Though it is over 110 years old, Eaglevale Bridge is actually one of the newer arches in Central Park. It carries the 77th Street access road over the bridle path and what was once Ladies’ Pond (reserved for ladies-only ice skating in the 1890s. Why ladies only? To put skates on, women had to expose their ankles and Peeping Toms abounded), before Robert Moses filled it in in 1936 and replaced it with a playground. Even today, the water, which lurks underground, floods the area after a heavy rain.
Near the Central Park Lake you will find three bridges close together. Follow the 77th Street access road to West Drive and continue north and you will walk on…
Location: takes West Drive over an arm of The Lake near the American Museum of Natural History. Built: 1860 by Vaux. Made of sandstone, cast stone, schist and greywacke.
Named for its two bays, or balconies, that feature seating for weary park walkers on hot days. Balcony Bridge provides one of Central Park’s most scenic views over The Lake toward Central Park South and 5th Avenue to the east. The presence of balconies on the east but not west sides makes Balcony Bridge asymmetrical, a distinction shared by only Trefoil Arch (see above).
Quatrefoil cutouts on the balconies complete the scene.
Follow the park path trailing off from the east side of West Drive toward The Lake and you will soon come upon…
Location: takes park path over an arm of The Lake, Bank Rock Bay, near the American Museum of Natural History. Built: 1860 by Vaux. Made of white oak with wooden floorboards, and steel.
Bank Rock Bridge was originally known as Oak Bridge and had cast iron balustrades and yellow pine floorboards. It was rebuilt along utilitarian lines in 1982.
In 2009 the Central Park Conservancy, using using historic photographs, archival records, and Vaux’s original drawings, rebuilt Oak/Bank Rock Bridge to close to its original appearance.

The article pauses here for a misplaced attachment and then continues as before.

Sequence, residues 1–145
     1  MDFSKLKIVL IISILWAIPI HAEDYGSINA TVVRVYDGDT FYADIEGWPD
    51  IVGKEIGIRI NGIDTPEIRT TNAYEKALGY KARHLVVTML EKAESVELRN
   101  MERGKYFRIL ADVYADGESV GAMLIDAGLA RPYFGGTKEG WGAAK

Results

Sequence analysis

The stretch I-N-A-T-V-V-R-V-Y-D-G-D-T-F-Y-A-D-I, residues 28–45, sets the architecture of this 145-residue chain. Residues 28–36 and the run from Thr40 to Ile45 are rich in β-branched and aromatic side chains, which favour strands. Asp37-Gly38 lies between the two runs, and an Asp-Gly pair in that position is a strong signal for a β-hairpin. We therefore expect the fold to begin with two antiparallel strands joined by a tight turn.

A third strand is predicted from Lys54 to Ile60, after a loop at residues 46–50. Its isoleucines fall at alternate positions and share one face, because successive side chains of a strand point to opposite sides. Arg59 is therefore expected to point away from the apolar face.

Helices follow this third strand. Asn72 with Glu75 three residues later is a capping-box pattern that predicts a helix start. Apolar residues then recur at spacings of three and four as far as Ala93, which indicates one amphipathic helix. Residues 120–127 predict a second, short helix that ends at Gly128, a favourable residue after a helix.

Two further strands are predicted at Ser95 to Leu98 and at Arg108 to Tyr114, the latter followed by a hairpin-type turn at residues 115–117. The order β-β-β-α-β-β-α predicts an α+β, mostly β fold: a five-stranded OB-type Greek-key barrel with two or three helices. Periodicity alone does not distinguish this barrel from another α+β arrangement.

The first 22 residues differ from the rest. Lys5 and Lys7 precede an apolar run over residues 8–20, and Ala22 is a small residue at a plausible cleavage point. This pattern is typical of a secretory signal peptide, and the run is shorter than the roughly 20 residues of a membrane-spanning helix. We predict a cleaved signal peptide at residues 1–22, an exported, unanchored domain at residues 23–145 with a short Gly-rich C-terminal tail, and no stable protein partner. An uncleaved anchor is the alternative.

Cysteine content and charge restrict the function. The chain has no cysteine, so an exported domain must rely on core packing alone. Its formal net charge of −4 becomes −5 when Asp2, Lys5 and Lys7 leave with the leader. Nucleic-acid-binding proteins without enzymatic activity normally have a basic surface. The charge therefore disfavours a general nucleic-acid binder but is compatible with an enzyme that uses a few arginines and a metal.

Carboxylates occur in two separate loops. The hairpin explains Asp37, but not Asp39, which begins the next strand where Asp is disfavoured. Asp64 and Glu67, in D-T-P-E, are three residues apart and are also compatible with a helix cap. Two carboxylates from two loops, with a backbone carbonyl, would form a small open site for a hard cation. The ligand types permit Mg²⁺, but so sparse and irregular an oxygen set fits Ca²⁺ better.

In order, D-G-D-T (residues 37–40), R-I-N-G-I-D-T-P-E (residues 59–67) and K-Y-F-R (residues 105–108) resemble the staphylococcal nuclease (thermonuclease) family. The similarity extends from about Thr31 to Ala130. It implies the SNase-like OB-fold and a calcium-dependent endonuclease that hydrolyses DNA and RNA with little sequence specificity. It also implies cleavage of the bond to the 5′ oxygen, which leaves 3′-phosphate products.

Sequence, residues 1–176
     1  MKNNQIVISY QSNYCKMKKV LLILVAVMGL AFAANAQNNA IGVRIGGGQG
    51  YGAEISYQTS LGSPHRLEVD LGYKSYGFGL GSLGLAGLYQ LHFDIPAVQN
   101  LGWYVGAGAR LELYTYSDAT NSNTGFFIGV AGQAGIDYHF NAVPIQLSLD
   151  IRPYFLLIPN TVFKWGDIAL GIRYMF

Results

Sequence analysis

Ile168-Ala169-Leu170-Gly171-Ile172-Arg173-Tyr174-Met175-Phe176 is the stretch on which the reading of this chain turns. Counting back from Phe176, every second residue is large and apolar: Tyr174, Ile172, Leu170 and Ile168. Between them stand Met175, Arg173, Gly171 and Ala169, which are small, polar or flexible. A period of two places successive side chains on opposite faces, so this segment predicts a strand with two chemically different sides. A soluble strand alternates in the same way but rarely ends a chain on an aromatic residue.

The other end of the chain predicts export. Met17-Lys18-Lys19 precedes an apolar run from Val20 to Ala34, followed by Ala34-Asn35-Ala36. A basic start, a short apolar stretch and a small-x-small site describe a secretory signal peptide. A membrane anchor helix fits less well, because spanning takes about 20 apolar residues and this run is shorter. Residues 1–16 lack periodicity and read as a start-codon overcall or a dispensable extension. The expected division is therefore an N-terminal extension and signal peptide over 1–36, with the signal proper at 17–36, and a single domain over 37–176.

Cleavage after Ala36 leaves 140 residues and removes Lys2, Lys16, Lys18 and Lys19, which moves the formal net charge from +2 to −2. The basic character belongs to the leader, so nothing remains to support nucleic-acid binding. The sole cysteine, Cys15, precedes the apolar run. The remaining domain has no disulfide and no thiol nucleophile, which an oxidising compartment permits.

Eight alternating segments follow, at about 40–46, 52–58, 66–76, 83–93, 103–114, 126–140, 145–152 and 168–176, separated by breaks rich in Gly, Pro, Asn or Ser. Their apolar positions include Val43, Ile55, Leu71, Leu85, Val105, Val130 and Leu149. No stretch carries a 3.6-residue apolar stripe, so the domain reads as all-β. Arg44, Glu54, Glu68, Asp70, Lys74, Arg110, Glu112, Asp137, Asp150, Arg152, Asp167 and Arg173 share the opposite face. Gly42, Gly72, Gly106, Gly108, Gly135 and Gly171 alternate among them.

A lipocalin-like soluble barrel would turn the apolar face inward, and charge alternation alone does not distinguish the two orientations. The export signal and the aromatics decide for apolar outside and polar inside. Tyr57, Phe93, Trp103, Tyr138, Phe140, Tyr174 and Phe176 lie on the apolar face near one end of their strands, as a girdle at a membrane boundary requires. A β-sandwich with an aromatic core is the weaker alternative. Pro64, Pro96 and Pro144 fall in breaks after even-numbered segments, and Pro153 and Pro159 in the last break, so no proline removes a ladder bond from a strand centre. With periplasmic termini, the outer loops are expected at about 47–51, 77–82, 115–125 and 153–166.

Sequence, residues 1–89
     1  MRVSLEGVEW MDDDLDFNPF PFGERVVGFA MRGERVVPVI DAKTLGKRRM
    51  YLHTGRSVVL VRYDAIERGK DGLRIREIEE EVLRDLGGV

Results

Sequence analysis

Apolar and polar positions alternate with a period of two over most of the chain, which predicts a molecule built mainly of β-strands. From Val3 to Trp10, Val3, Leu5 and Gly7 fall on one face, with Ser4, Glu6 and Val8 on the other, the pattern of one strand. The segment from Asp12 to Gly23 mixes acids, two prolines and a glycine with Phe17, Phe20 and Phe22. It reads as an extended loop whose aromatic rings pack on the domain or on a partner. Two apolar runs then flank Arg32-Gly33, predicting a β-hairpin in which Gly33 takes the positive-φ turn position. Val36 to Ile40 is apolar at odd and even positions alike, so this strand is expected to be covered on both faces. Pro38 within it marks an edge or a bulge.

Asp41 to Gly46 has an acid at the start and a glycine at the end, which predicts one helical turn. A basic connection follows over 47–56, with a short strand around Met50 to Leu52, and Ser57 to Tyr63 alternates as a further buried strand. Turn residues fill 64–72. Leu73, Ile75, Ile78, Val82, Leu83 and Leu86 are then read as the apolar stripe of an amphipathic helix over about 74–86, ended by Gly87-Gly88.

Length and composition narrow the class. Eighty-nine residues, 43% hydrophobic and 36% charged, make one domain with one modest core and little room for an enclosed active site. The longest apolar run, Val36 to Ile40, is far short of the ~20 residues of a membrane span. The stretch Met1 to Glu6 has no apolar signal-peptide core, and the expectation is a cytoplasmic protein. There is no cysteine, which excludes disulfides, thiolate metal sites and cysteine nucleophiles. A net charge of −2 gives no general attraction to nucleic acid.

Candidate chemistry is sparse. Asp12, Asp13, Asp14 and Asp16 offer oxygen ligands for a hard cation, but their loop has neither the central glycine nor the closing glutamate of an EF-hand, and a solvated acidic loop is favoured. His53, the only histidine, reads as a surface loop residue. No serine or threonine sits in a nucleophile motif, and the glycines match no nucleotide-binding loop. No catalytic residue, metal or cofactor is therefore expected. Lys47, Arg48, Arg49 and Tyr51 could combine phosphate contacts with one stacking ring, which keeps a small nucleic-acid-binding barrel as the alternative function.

Compare it to what it looked like between 1982 and 2009:
We are now entering the Ramble, one of Central Park’s quietest, most natural spots. It isn’t natural at all; every square inch was planned by Olmsted and Vaux.
Before proceeding into the Ramble to see our next Arch, look to your left after crossing Bank Rock Bridge.
This is the first in a series of small wooden bridges placed over small streams in Central Park. It is known as Gill Bridge because it crosses the Gill, a stream trailing from The Lake. It has been destroyed by vandals a good many times through the years, but the Central Park Conservancy keeps rebuilding it. It is made of natural timber and has been given back its original contorted branches.
Don’t cross Gill Bridge, but proceed straight ahead, into the Ramble. Before you is…
Location: in the heart of The Ramble. Accessed by path leading from Bank Rock Bridge. Built: 1863 by Vaux. Made of rock-face ashlar.
Ramble Arch has the distinction of being the narrowest of Central Park’s arches, with its opening measuring only 5 feet across.
Henry Hope Reed, in Bridges of Central Park::
This rough stone structure would seem to have been inspired by some neo-classic landscape in which people dance about the ruins of antiquity overgrown with vines and grasses.
Once passing through Ramble Arch, you can either explore the shady hills and winding paths of The Ramble, including the ruins of the nearby Cave (though they are now fenced off) or backtrack onto West Drive, and proceed north about five blocks to our next Arch…
Location: takes West Drive over bridle path at about 82nd Street.Built: 1860-1861 by Vaux. Made of Maine granite and sandstone with cast iron railings.
This part of Central Park was originally landscaped to evoke winter, with evergreens planted on each side of the arch.
In the 1990s cast iron railings were installed to approximate the originals, which had been replaced with cheap metal piping and chain links.
Vault is lined with red and white brick in a cross pattern.
After leaving Winterdale Arch, we’ll take a side trip along the roadway that skirts the southern edge of the Reservoir to see two bridges that have survived decades of decay and then renewal.
Proceed along the bridle path and walk north till you get to the next Transverse drive. Then take the bridle path to the right. Before long you will reach Southwest Reservoir Arch….
7/2/2001; revised 2012